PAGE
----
Qatar’s Cabinet has approved draft legislation to implement two new taxes in the country.
They include a new selective tax on fast food, luxury goods and other items; and a 5 percent value-added tax (VAT) aimed at businesses.
Both taxes are part of GCC-wide agreements that hope to boost revenues for countries across the Gulf amid lower global oil prices.
The executive regulations had already cleared the Cabinet once. But they got a second sign-off yesterday during its weekly meeting, and after it was revised by the Advisory Council.
And according to Arab News, GCC finance ministers will meet in Bahrain today to discuss the further rollout of the taxes.
Officials previously said that selective taxes would be “imposed on goods harmful to human health and the environment,” as well as specific luxury items.
This includes alcohol, tobacco, energy drinks and soda, among other things.
No exact date has been given for their implementation.
However, the IMF has previously said they would be rolled out this year, and Saudi officials have floated an April deadline. However, this has since passed.
According to QNA, the draft legislation on selective taxes includes provisions on “tax entitlement, the declaration of the loss or damage of selective goods, inspection of damaged goods, registration, tax declaration, rules of payment of tax in the case of local production, maintaining of accounting systems, the language of accounting records, and control and inspection ruler.”
Meanwhile, the VAT is expected to take effect sometime in 2018.
It is a consumption tax, but will exempt certain food items, as well as the cost of education, healthcare and social services.
Over the past several months, local businesses have been urged to prepare for the rollout of VAT.
Speaking to Doha News last fall, one expert said the tax may slow down growth in the small to medium-sized companies sector.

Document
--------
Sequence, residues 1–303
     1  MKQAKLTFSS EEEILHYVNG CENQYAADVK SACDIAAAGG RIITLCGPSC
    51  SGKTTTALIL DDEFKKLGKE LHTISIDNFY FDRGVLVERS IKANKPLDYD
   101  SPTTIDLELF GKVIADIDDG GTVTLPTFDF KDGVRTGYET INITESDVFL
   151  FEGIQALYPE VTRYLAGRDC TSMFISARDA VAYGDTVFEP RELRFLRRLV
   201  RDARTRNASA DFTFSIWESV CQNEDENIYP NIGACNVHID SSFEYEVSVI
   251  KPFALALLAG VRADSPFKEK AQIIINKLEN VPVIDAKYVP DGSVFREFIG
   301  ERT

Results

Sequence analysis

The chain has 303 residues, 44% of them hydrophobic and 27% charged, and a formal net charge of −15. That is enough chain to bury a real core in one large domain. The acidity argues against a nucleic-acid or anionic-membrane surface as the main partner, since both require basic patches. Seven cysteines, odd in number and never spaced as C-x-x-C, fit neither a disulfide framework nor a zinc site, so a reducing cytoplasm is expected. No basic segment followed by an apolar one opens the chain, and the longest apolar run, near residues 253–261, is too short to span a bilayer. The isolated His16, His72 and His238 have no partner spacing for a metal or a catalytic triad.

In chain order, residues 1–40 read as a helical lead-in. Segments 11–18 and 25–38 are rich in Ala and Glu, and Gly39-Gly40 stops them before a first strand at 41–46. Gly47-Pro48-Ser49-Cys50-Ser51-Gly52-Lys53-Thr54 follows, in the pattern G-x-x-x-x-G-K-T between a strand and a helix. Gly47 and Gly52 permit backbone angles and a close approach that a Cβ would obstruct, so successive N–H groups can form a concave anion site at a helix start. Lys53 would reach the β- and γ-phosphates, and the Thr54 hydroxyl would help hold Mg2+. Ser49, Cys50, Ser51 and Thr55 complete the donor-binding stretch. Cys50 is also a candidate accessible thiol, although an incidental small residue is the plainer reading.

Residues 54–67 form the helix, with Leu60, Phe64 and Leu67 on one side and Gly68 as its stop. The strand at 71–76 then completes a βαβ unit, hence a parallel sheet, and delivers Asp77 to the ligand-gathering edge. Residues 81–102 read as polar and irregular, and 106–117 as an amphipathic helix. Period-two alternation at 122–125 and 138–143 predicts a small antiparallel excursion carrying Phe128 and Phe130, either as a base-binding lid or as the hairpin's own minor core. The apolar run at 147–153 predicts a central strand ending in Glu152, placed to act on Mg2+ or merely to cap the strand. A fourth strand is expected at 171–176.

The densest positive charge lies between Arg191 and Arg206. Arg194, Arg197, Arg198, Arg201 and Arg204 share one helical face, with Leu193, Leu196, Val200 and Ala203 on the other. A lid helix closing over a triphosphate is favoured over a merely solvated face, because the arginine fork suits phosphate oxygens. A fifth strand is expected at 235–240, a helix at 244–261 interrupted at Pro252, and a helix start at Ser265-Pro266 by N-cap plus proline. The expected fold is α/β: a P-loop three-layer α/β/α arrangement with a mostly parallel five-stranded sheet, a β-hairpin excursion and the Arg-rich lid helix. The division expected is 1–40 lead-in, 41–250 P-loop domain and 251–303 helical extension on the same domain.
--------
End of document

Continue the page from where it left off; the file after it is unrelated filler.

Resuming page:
This is because they will need to budget for lots of compliance costs.
“These firms will need to change their IT, HR, procurement, finance and marketing processes, and they will need to have auditors check and approve their books,” said Alexis Antoniades, an associate professor at Georgetown University’s School of Foreign Service in Qatar.
Officials should also continue to keep the private sector informed about what’s coming, he recommended.
Cost of living
Though news of the taxes has not sparked much discontent within Qatar, the fees are likely to cause the cost of living to rise soon.
According to the International Monetary Fund, inflation will more than double from 2.6 percent currently to 5.7 percent by 2018.
One example of higher costs can be seen at the Qatar Distribution Co. (QDC) in Abu Hamour.
Last month, the alcohol warehouse warned customers to stock up before import taxes on spirits double.
Additionally, eating out could also become more costly. Speaking to the Peninsula this week about the potential effects of the VAT, one restaurant owner forecasted higher prices for the meals they serve.
Are you concerned about the impact on your wallet? Thoughts?